Demographic and anthropometric data were collected within 2 h after patients were enrolled in this study. FEV1, FEV1%, and FVC were measured using a pneumotachometer (3830, Hans-Rudolph, Shawnee, USA) or a handheld spirometer (Micro, CareFusion, Basingstoke, UK) according to international standards. Arterial samples for arterial blood gas analysis were collected through a heparinized needle and syringe system. The samples were processed as soon as possible on the ward-based blood gas analyzer (500, RAPID Point, Siemens, Germany). Symptoms were assessed using the COPD assessment test (CAT) score. Standard physiological observations (respiratory rate, heart rate, oxygen saturation, body temperature, and blood pressure) were collected, and an aggregate score derived from these was recorded as the modified early warning score (MEWS) score, according to local protocol.

Diaphragm electromyogram measurement

Surface EMGdi was measured with patients in a semi-recumbent or seated position, as previously described.[9] After skin preparation, two pairs of recording electrodes (RED DOT, USA) were separately placed at the intersection point of the sixth and eighth intercostal space and the anterior axillary line. The distance between each recording electrodes was 3–5 cm, and the optimal position was determined by the greatest amplitude of EMGdi in electrode pairs 1 and 3. The reference electrode (No. 5) was placed in the left side edge of manubrium sterni, keep away from the recording electrodes.[10] The EMGdi signals were band-pass filtered between 10 Hz and 2 kHz and amplified using signal amplifier (3808; Yinghui Medical Technology Co, Ltd, Guangzhou, China). The raw signal was converted to root mean square (RMS) with LabChart 7.5 software (Powerlab, AD Instruments Co, Australia) with the time constant of 100 ms. In order to avoid the influence of the electrocardiogram on EMGdi, RMS was measured from the segments between QRS complexes. The peak of RMS selected from five pairs of electrodes was measured on a breath-by-breath basis. The peak RMS EMGdi activity for each inspiration was averaged over 1 min of tidal breathing and normalized to a value of EMGdi obtained during a maximal inspiratory sniff maneuver, obtained before each measurement.[11] A ratio of VE to RMS of EMGdimax (VE/EMGdi%max) of each breath, which is used to assess respiratory efficiency,[12],[13] can reflect the neuromuscular uncoupling and correlate with disease severity.[5]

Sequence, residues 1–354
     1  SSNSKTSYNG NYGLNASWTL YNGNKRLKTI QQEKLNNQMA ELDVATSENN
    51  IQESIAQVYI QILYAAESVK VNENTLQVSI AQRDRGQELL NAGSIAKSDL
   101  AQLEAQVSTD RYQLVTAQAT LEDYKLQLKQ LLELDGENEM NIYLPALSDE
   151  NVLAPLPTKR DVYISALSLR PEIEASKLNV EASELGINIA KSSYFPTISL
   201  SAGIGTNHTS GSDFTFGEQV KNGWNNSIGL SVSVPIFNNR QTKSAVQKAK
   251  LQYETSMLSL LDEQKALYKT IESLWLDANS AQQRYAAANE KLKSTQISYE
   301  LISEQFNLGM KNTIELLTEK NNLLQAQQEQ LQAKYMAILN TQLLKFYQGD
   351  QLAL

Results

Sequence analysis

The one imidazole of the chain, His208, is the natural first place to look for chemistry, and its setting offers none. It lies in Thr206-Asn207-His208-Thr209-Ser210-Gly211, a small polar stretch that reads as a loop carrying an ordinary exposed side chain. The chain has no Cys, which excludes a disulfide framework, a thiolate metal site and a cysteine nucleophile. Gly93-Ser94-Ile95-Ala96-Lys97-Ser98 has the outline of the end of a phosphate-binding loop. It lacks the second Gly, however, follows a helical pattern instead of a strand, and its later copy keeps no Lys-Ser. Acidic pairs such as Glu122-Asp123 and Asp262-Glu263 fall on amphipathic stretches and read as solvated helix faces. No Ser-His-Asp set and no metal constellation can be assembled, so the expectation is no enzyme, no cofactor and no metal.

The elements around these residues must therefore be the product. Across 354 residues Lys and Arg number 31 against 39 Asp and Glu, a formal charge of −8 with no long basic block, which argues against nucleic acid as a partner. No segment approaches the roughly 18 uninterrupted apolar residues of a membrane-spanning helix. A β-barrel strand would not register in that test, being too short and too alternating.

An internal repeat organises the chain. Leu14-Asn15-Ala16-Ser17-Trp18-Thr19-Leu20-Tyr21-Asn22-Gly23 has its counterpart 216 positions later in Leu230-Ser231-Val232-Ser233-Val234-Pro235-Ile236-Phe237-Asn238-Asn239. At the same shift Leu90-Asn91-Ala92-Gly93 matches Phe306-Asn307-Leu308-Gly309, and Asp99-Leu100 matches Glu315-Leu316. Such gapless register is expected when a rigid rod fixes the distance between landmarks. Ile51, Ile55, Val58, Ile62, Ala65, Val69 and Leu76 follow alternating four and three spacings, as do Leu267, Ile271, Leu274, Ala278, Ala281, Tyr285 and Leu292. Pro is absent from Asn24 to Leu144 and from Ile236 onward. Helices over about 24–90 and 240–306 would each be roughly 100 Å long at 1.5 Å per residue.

Study protocol